Commercial Co-Ventures: What You Need to Know During a Pandemic
This piece will review important issues when running a commercial co-venture (CCV) during a time of a global pandemic.
Filing Requirements: The six registration states (AL, HI, IL, MA, MS, and SC) have not amended their filing rules or deadlines in response to the global pandemic. In addition, these states have not amended their original signature laws either and, except for IL, these states’ electronic signature laws may not necessarily apply here.
Minimum/Maximum Donations: Because your sales may be affected by the pandemic, when establishing a minimum or maximum donation care should be taken to forecast an appropriate number under the current circumstances. Selecting a minimum donation that you don’t reasonably expect to hit is a problem, since you are advertising to the public that their purchases will trigger a donation when they really won’t.
In-Kind Donations: Given current hardships certain groups are suffering, you may want to provide an in-kind donation – buy our product and we’ll donate one of our products to charity. Even though the donation is not in money, it’s still a commercial co-venture requiring compliance with commercial co-venture laws.
Canceling or Terminating a Program: Your CCV contract may have a force majeure clause which may provide grounds to cancel or terminate the promotion. In general, it is more likely that such a clause will be upheld when the specific “act of God”, here, a pandemic, is listed among the allowable reasons to terminate. Even without a force majeure clause, in the right circumstances, you may be able to terminate based upon the doctrines of frustration of purpose or impossibility, but your ability to continue the program must truly be impossible. For example, the promotion involved only in-store purchases and because of a government directive you were forced to shut your stores. If you decide you have to terminate a promotion, let the public know, stop all advertising, and potentially pull any products with the donation message if it cannot be fulfilled.
Modifying a Program: Under the current circumstances, you want to modify the program – such as allowing for online purchases in addition to store purchases or extending the deadlines so that you can reach and exceed a minimum donation. These decisions impact (i) your contractual partner – the charity, (ii) the state governments, and (iii) the public. We would recommend getting the charity’s consent to any changes in the program terms. This can be done by a simple addendum to the CCV contract signed by the charity. To satisfy the regulators, we would recommend filing this addendum in the registration states. As for the public, you will need to amend your advertising messages and potentially pull any “old” ads or products with the original terms. The rule of thumb here is to be upfront with the customers so that they are aware of what’s going on and you are not asking them to do something to trigger a donation when it will not.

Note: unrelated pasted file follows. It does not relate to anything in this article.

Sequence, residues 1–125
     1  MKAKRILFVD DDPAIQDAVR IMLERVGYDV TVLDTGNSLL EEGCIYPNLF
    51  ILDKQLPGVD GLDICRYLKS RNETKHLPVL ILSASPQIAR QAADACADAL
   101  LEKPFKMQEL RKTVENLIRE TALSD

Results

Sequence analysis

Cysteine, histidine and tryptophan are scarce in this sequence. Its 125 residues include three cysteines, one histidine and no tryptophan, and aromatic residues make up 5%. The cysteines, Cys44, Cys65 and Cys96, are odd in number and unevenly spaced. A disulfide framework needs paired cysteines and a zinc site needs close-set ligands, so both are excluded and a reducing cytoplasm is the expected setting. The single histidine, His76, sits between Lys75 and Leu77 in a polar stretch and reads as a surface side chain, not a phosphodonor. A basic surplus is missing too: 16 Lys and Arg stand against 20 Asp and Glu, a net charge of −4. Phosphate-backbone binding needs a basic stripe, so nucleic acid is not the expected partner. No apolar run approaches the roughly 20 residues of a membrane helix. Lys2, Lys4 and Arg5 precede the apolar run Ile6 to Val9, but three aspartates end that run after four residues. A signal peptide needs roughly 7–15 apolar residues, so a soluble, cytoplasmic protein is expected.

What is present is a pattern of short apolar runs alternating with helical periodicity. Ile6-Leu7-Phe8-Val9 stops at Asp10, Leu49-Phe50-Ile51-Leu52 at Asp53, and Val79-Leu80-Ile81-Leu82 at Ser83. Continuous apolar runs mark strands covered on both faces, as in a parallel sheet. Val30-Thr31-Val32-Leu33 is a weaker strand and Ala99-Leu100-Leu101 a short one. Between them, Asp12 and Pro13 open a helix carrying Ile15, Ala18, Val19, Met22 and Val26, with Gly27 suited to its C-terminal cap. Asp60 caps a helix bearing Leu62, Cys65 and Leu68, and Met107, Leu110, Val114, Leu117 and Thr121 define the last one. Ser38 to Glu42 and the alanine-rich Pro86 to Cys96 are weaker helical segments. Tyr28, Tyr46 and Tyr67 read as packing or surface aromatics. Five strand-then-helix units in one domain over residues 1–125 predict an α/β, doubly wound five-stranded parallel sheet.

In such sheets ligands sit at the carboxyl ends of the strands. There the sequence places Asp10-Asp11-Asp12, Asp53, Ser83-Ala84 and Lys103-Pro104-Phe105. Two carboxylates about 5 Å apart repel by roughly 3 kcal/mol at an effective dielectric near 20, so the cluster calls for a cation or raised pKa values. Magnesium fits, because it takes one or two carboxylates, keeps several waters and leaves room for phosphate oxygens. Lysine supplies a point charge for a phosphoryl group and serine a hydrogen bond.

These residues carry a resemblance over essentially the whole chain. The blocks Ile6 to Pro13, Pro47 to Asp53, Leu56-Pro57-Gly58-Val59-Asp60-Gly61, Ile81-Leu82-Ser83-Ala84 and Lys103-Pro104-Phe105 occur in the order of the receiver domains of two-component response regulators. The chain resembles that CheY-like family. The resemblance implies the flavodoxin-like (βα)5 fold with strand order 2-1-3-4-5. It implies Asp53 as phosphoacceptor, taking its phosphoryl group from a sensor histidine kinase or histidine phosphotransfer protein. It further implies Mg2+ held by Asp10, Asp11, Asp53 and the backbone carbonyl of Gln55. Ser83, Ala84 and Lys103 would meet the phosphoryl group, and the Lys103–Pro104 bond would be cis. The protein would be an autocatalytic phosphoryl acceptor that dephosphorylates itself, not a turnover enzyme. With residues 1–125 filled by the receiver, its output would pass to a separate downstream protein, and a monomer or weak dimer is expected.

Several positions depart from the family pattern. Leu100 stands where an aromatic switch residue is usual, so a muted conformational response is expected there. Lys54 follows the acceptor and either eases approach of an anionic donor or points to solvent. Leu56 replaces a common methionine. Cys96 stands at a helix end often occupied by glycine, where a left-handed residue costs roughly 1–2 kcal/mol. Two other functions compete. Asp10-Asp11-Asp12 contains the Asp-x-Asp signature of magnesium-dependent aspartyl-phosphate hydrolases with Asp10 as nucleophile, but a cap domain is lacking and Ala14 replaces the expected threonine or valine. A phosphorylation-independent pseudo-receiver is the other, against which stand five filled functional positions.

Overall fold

Keeping it Local. Many non-profits meriting donations to help with COVID-19 are local, which means they may not be registered nationally (as required for a national CCV). And, maybe you want to have a program where many different (local) charities are involved. Before embarking on a nationwide commercial co-venture campaign, find out the states where your charity of choice is registered. You may still be able to help local charities by teaming up with a national charity/foundation that itself donates to many different local charities. In this way, you can have one charity partner and one set of registrations, but still cover the causes you want.
Doing it Quietly. Maybe you want to partner with an unregistered charity that is doing good in your community. Maybe you want to start tomorrow and don’t have time for filings and bonding. But maybe you still want to base your donation on the amount of your sales. The various commercial co-venture statutes are specially tied to advertising these programs to the public. If you don’t advertise to a consumer that his/her purchase will trigger a donation, there’s a good argument you don’t have a commercial co-venture. This is a bit unorthodox, but crazy times …
“Free” Actions: During these tough times, you may want to have consumers “Like” your page or post a hashtag or picture on social media showing their support. Typically, a commercial co-venture requires a purchase of a good or service to trigger a donation. Many states’ laws specifically state that a CCV is a situation requiring a purchase. But the states of AL, MA and SC have broadly worded statutes which could include situations where non-purchase activities generate a donation (such as a like, hashtag, etc.). Unfortunately, all three of these states are registration states. An argument can be made that “free” actions are not the intended purpose of these statutes (like the other state statutes), but there is not much guidance from these states on this issue, and the conservative approach would be to register and comply with their CCV laws even in this situation. In any event, it would still be recommended to have a basic contract with the charity so that the donation terms are clear and to make sure you obtain the charity’s permission to use its name, logo and marks.